Classroom materials for teaching about peace in school.
Power Point presentation about the truth of military recruitment information and the realities of military service and veteran services from Rogue Valley Peace Veterans.
This series of lessons explores possible disparities between the general population and the military, especially among military recruits. Students compare data and statistics on both populations and use various algebraic and statistical methods to compare the two groups.
Resource Type: Curriculum
Source: Radical Math
The Class of Nonviolence is an eight session class developed by Colman McCarthy, founder of the Center for Teaching Peace in Washington, D.C. It uses classics in peace and justice literature to teach peacemaking. This course can change your life and you can change the world.
The entire eight-session / 48 essay class can be downloaded as a PDF file - it's free!
If you have suggestions or questions, e-mail email@example.com
Teaching About the Wars breaks the curricular silence on the U.S. military engagement in Afghanistan and the Middle East. Even though the United States has been at war continuously since just after 9/11, sometimes it seems that our schools have forgotten. This collection of insightful articles and hands-on lessons shows that teachers have found ways to prompt their students to think critically about big issues. Here is the best writing fromRethinking Schools magazine on war and peace in the 21st century.
Teaching About the Wars is divided into five chapters:
- Introduction: Breaking the Silence on War
- The Road to War
- The Human Face of War
- Military Recruitment
- Anti-War Resistance
Contributing authors include Bill Bigelow, Ann Pelo, Margot Pepper, Bob Peterson, Özlem Sensoy, and Howard Zinn
Planning to Change the World: A Plan Book for Social Justice Teachers 2013-2014 is a plan book for educators who believe their students can and will change the world. It is designed to help teachers translate their vision of a just education into concrete classroom activities.
Pace e Bene Nonviolence Service announces the publication of Engage: Exploring Nonviolent Living, a revised and expanded version of From Violence to Wholeness. Written by Laura Slattery, Ken Butigan, Veronica Pelicaric and Ken Preston-Pile.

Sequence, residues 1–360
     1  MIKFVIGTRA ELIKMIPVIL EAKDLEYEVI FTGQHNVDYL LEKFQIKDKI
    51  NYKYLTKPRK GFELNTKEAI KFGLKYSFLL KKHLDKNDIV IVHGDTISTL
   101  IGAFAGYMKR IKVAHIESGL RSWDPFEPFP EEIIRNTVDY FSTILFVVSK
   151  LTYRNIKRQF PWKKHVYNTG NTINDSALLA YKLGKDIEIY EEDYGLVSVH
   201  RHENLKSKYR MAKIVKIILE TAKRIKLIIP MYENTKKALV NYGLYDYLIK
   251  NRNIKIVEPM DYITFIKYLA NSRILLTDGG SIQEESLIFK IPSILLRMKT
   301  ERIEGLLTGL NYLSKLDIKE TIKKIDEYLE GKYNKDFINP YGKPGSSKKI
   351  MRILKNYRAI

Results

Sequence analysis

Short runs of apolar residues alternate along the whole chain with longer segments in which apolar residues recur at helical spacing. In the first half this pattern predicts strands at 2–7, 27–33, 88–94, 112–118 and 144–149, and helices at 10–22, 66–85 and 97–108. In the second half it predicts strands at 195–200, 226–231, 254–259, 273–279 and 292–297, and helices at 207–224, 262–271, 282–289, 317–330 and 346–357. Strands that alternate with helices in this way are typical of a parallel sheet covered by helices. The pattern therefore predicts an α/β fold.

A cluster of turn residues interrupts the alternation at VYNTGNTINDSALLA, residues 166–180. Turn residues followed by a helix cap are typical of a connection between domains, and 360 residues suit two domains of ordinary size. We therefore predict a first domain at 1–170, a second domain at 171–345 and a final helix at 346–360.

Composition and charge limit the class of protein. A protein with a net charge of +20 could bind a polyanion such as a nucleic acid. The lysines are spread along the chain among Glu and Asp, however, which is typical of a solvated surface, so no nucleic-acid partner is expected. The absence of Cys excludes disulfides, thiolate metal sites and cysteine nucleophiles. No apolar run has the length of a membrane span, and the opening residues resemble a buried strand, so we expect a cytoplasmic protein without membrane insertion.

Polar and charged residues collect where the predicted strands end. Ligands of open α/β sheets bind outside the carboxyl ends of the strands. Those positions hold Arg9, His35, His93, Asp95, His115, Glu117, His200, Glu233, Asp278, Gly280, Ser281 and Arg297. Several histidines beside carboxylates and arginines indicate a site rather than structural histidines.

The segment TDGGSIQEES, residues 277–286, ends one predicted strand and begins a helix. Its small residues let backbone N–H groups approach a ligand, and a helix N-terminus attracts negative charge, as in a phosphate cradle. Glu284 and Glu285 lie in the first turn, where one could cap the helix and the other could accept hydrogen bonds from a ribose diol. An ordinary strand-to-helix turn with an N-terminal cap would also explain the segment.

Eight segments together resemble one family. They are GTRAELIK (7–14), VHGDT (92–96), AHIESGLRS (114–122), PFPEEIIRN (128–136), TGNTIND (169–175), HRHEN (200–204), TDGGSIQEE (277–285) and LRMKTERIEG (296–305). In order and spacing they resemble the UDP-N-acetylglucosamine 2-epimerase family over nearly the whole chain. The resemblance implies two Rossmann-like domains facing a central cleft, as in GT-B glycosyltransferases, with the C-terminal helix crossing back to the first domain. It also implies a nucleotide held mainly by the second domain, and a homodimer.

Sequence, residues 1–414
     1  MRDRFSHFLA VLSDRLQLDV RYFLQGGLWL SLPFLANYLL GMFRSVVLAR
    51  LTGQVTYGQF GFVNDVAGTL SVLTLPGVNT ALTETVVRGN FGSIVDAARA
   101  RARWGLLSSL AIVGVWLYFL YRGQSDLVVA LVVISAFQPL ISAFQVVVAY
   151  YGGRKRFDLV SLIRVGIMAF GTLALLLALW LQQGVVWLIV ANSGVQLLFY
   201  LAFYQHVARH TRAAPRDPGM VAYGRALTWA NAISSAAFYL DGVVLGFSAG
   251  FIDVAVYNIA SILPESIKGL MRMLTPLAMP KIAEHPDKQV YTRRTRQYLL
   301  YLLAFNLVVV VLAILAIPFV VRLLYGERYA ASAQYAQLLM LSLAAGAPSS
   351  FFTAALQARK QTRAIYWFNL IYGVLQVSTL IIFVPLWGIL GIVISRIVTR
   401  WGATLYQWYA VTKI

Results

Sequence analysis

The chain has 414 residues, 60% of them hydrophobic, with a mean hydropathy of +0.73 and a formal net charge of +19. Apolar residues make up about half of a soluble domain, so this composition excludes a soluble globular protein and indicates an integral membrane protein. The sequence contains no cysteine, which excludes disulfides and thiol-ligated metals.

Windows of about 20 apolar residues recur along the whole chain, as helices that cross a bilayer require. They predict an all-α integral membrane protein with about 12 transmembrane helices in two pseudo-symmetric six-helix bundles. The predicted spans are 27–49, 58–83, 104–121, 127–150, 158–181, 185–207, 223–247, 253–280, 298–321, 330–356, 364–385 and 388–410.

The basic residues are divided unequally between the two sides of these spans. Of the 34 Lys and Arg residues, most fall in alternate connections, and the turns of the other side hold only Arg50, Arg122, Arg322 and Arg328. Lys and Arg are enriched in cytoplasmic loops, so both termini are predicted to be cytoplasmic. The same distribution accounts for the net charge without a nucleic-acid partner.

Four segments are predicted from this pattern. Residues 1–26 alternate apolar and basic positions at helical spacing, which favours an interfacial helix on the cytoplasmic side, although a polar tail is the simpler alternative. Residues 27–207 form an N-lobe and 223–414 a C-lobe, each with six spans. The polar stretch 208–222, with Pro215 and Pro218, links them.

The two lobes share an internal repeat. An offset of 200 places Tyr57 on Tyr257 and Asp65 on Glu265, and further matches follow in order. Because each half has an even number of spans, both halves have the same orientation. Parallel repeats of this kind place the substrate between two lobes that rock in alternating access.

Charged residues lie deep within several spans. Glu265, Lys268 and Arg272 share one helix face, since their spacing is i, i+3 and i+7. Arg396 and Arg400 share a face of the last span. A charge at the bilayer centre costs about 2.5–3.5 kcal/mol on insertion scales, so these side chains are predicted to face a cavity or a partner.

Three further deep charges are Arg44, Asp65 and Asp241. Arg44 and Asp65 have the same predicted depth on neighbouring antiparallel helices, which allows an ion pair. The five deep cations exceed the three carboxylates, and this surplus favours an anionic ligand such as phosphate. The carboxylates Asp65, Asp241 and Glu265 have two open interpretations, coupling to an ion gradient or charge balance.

Full of stories, exercises and resources, Engage is a workbook to learn, study and practice the nonviolent options available to us. It offers a guide for groups on how to take action for justice and peace in the midst of war and injustice.
Engage is ideal for advocacy organizations, faith communities, citizen action leagues, campus networks and any group seeking to work together to create a society committed to justice, democracy, peace, sustainability and equality.
“What Young People Should Know Before Joining the Military” is a unit designed for a 10th grade US History class. The historical component revolves around imperialism and the Spanish-American War. A contemporary connection is made through a look at imperialism and the Iraq War. The final project for the unit consists of group presentations on what CPS students should know about the military before they consider joining. The presentations were videotaped and then edited and compiled to make a 15-minute video that was posted on YouTube.
Camouflaged: Investigating How the U.S. Military Affects You and Your Community is a tool for educators to help middle and high school-aged students explore the role of the military in their lives and in their communities. Local New York City teachers, led by the New York Collective of Radical Educators (NYCoRE), generated the Camouflaged curriculum with the intent of making it accessible to educators across the country in a variety of settings and curricular areas. NYCoRE believes that it is the role of educators as allies to young people to ensure that students have information from a variety of sources before considering enlisting in the armed forces. At this point in U.S. history, military recruiters have unprecedented access to young people in and out of school through a variety of mediums. This curriculum provides a critical lens to help students navigate recruiters’ messages and to examine the role of the military throughout this country’s history to the present.
War Resisters League has put together a workshop for high school students to learn about the all-consuming war machine which dominates our economy. The workshop curriculum uses hands-on techniques, readings and discussions to build student awareness of the issue. Starting with a breakdown of the federal budget, the curriculum goes on to analyze war profiteers who benefit from the continuation of global conflict to the justifications for the occupation and war in Afghanistan. Students can gain a concrete understanding of priorities through exercises like allocating pennies into labeled jars proportional to our annual federal budget.
Also Listen to Radio Segment with Ali Issa, national field organizer for the War Resister’s League about this curriculum for students.
As our inventory of stories grows and takes shape with regular updates throughout the year leading up to 9/11/11, we welcome the participation of educators at all levels. We hope that this web site will inspire critical thinking among your students, and that you will use our content for writing assignments, curricula, and projects around the topic of 9/11. We’ll share some of your ideas here, and hope that they will encourage new conversations among teachers as well as students at this critical time.
Power Point Slide show about realities of military enlistment as a counter-recruitment tool. Ready to play without opening Power Point in editing mode.